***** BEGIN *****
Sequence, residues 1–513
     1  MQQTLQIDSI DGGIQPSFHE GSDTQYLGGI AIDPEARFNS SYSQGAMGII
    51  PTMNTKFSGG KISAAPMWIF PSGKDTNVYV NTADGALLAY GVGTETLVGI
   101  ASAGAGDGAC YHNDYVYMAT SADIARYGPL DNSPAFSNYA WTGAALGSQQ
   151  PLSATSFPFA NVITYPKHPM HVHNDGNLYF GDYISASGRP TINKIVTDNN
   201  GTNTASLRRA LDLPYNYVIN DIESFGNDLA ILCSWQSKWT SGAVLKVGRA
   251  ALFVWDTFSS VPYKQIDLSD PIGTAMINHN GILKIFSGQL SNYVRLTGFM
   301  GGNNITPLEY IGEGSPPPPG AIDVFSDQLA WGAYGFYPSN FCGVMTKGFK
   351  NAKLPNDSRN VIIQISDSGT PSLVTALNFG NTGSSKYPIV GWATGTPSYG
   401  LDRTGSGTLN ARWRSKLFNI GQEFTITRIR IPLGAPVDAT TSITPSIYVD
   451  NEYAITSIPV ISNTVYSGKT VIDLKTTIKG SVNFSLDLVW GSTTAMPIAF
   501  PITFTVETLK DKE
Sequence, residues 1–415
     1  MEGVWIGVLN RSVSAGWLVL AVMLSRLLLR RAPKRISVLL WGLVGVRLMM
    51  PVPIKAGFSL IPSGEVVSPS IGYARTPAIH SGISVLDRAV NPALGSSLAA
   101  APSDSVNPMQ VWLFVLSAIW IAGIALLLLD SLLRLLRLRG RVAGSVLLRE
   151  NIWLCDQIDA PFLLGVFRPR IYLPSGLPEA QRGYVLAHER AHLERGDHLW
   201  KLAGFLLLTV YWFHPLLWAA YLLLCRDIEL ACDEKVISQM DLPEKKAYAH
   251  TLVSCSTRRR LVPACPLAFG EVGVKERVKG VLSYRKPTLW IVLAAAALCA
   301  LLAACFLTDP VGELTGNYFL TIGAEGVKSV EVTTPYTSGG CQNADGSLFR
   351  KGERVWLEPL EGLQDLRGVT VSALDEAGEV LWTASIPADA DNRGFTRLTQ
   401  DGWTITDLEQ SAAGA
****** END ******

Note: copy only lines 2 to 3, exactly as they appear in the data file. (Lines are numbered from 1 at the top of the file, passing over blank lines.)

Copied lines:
     1  MQQTLQIDSI DGGIQPSFHE GSDTQYLGGI AIDPEARFNS SYSQGAMGII
    51  PTMNTKFSGG KISAAPMWIF PSGKDTNVYV NTADGALLAY GVGTETLVGI